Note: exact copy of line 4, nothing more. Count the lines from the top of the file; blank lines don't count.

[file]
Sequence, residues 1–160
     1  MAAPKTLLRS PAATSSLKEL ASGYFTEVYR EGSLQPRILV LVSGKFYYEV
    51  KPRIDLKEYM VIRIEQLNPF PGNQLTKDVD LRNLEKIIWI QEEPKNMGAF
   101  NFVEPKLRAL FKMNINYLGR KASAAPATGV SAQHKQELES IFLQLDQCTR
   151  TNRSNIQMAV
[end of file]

   101  NFVEPKLRAL FKMNINYLGR KASAAPATGV SAQHKQELES IFLQLDQCTR